Consoles have historically been seen as banner products for the companies that manufacture or design their hardware. Nvidia’s original Xbox win was a sizable windfall for the company in 2002-2003 and the GPU designs of the Xbox 360 and PS3 (built by AMD and Nvidia respectively) were topics of intense discussion when those consoles were new and exciting.

Given these upsides, it might seem odd that Nvidia apparently walked away from the negotiating table with Sony on the PS4. It isn’t. While there’s some marketing upside from game enthusiasts, GPU manufacturers don’t get top billing (or typically, any billing whatsoever) on console titles. There’s no lengthy logo crawl or joint marketing. Sony isn’t selling the “Sovidia PS4″, it’s the Sony PS4, period.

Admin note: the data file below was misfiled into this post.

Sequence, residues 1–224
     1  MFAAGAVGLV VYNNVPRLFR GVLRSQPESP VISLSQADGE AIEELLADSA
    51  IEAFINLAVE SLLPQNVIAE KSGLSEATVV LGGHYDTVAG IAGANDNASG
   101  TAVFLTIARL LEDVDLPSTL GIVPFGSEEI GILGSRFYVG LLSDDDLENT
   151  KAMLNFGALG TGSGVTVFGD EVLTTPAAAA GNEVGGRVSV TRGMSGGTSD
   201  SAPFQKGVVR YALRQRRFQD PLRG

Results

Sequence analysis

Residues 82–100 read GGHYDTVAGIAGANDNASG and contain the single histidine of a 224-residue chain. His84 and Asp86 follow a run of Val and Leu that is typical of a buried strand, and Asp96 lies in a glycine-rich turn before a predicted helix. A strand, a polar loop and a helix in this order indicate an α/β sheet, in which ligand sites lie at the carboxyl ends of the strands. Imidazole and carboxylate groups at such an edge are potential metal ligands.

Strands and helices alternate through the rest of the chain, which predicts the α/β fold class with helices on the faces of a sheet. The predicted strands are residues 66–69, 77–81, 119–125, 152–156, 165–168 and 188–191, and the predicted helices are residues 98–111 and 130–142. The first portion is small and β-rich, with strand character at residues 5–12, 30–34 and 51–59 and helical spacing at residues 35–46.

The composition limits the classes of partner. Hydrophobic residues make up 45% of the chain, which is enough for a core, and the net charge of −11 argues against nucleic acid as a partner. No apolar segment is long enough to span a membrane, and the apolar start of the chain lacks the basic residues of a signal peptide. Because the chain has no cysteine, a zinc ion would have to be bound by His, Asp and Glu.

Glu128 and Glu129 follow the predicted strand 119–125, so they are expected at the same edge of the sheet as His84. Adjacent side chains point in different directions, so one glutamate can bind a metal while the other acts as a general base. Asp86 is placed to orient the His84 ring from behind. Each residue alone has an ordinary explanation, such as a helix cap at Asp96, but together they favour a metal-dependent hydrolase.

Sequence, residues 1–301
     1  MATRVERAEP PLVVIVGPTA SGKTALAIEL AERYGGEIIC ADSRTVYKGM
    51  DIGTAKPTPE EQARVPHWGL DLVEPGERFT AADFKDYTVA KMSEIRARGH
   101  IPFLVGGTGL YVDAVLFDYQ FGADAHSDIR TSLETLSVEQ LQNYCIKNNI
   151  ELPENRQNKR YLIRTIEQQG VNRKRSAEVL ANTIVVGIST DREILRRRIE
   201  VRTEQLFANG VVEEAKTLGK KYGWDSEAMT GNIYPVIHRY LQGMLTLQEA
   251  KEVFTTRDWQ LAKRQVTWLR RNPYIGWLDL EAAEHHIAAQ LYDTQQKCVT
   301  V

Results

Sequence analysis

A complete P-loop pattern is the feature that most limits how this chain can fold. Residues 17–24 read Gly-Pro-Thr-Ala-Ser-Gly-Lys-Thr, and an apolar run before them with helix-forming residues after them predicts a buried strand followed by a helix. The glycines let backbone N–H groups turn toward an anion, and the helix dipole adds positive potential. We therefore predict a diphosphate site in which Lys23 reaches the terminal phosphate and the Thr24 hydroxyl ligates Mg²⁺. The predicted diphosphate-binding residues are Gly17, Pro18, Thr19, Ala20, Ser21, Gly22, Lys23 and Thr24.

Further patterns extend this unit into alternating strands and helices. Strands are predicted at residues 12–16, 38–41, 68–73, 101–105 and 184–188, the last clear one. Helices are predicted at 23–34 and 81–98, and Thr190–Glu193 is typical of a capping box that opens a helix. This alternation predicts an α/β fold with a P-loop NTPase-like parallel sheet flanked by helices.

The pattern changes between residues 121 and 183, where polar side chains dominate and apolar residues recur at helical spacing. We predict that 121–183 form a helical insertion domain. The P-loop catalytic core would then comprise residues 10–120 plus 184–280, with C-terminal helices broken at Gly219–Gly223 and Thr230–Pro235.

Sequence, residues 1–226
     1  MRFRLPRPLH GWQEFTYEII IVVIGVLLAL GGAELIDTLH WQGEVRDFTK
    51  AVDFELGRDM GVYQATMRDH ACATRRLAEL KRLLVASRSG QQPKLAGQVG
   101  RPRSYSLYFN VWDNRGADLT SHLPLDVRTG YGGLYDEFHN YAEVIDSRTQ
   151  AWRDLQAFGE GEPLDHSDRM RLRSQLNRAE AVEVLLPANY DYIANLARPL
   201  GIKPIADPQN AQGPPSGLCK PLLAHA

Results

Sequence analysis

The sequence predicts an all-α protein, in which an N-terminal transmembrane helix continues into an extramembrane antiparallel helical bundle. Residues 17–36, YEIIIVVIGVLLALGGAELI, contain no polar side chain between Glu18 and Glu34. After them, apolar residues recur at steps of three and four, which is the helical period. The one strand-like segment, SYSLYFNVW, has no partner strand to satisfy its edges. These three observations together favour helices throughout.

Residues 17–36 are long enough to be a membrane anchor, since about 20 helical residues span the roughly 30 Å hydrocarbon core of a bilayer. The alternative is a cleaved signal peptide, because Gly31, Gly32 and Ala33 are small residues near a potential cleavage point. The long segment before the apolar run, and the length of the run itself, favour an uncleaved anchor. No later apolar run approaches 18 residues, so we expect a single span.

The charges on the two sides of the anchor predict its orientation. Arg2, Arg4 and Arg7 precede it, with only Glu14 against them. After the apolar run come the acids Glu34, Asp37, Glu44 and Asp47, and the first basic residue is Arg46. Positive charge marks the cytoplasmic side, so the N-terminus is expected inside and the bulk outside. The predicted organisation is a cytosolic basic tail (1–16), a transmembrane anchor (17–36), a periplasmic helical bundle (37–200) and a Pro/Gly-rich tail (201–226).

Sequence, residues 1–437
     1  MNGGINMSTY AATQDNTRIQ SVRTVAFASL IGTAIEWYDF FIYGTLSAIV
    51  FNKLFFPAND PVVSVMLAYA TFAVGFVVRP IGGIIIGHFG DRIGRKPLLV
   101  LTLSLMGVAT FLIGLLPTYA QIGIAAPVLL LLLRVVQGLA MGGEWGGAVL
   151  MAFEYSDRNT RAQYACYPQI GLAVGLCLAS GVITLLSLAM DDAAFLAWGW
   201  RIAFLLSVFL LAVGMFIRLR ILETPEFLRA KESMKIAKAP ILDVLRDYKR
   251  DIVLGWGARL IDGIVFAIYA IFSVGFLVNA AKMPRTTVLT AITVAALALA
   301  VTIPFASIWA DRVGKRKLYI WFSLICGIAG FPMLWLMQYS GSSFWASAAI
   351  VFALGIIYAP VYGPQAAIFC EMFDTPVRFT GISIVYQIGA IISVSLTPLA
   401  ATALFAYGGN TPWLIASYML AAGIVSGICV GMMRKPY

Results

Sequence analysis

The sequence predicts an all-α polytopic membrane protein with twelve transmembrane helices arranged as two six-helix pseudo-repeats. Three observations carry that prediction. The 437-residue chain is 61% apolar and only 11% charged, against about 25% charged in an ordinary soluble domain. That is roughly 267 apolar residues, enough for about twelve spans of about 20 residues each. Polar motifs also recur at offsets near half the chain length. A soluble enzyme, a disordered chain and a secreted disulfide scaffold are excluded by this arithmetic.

Then there’s the margin question. Nvidia’s 10-K filing for fiscal year 2003 (that’s calendar year 2002) states that the company made 23% of its total $1.9B revenue, or roughly $400M, on Xbox sales. That’s profits for one year — the original Xbox went on to sell some 24 million consoles worldwide. Nvidia and MS eventually signed an agreement that reduced the cost Microsoft paid for Xbox hardware, but this figure gives us a starting point to work with.

Fast forward to the PS3 and its RSX graphics. Two years ago, in January 2011, Nvidia CEO Jen-Hsun Huang told reporters that the Sony-Nvidia deal had earned Nvidia $500M in royalties since 2004. The total number of shipped PS3 consoles by March, 2011 stood at 50 million according to data from the NPD group. Half a billion is nothing to sneeze at, but the numbers imply that NV agreed to much smaller margins on the PS3 than it managed to lock in on the Xbox.